Tiny Budget Increase Doesn't Replace Lost Opportunities

Thomas Beebe, Project Director, Opportunity to Learn - Wisconsin

It’s an indisputable fact: Public education is the great leveler in our economy and our society. If we put in the resources up front we will get the results we all want: Successful young adults, an economy that works, and a civil society we can be proud of.

At the very time Wisconsin’s students need more quality education, however, state government continues to bleed school districts of the resources they need.

A week or so ago, the Wisconsin Department of Public Instruction announced the aid estimates for the 2012-13 year for all 424 districts. It’s not a pretty picture. The coming year’s increase is smaller than in the past, and a full two-thirds of the state’s school districts will lose resources. The total increase is only $21.06 million, certainly not enough just to continue programs and services in most districts.

As a matter of fact, if you compare the 2012-13 state aid numbers to the first year of Governor Scott Walker’s budget─actually a $792 million cut in school aid─ most districts will continue to scramble just to make ends meet.

According to the Milwaukee Journal Sentinel, total state aid of $4.29 billion is “far below what schools received in general aid before Walker and the Republican-controlled Legislature dramatically cut funding for schools” as part of the 2011-13 biennial budget.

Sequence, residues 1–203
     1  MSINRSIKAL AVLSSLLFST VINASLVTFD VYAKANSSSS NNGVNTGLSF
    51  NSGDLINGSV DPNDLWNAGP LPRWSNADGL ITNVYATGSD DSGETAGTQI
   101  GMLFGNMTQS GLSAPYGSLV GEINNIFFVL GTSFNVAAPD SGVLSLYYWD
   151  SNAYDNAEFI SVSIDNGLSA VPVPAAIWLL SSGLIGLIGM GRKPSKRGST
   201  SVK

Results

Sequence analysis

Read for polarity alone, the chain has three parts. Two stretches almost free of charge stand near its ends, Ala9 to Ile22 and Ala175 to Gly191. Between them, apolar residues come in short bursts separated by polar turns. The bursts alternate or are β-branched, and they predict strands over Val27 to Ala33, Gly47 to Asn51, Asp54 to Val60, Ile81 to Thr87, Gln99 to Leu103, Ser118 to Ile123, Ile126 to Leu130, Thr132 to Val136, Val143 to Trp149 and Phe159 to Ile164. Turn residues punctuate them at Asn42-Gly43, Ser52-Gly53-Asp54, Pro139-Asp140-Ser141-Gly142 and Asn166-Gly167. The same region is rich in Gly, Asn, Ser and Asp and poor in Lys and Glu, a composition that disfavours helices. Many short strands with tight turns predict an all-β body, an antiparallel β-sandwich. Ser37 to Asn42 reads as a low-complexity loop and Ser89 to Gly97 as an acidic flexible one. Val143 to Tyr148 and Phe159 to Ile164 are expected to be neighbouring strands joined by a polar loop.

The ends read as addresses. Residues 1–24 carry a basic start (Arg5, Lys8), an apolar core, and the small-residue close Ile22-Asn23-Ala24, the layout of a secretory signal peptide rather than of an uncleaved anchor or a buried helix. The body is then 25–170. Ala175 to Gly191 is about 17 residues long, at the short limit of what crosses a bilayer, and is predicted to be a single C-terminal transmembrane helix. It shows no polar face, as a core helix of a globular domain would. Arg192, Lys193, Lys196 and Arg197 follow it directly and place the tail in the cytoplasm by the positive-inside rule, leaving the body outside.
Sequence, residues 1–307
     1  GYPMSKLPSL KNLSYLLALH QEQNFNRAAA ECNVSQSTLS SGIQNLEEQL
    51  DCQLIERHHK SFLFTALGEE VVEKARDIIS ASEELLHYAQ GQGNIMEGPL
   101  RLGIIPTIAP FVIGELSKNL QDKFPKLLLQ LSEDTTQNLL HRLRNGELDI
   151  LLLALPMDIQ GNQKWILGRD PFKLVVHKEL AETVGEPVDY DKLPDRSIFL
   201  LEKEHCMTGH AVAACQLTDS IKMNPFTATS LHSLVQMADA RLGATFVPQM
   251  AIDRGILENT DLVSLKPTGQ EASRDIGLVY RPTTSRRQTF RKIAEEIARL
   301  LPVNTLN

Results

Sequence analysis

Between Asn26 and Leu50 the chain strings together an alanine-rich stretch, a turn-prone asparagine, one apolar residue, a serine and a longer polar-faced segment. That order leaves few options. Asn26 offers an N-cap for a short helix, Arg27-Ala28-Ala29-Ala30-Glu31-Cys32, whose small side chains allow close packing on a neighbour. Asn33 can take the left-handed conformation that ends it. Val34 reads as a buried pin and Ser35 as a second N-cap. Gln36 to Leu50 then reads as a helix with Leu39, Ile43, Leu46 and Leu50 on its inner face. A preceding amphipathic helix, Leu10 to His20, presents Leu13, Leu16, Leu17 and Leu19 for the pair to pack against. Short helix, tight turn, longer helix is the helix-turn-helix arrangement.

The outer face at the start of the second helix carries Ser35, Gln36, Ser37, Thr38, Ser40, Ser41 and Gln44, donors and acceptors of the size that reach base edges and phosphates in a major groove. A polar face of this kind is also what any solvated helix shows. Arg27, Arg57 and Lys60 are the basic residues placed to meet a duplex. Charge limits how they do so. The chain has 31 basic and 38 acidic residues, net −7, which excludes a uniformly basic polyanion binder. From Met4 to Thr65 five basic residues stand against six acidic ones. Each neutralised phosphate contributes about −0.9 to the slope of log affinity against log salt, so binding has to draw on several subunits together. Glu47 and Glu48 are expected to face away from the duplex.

It also doesn’t take into account the budget’s impact on revenue limits (a local school district’s ability to make up for lost aid with property tax increases). The budget required districts to reduce their revenue limits by 5.5 percent, which amounted to a loss of about $800 million in resources statewide.

And we are still understating the challenge to our schools because all this comes on the back on 20 years during which a broken school funding system has siphoned off hundreds of millions of dollars that were supposed to help districts provide quality learning opportunities.

So, that brings us to the real tragedy: The devastating impact these budget cuts have had on Wisconsin’s more than 800,000 school children. According to the Department of Public Instruction’s “Budget Survey Analysis," the budget cuts have forced: 

  • 71 percent of districts cut in at least one core academic area
  • 59 percent of districts increased class sizes
  • 46 percent made cuts in art, music, and physical education
  • 45 percent made cuts in career and technical education
  • 28 percent cut special education services

Even worse, however, is the devastating impact these cuts have on the futures of our children and our communities. Our children are not getting what they need to succeed, and that’s something we will all pay for in the long run.

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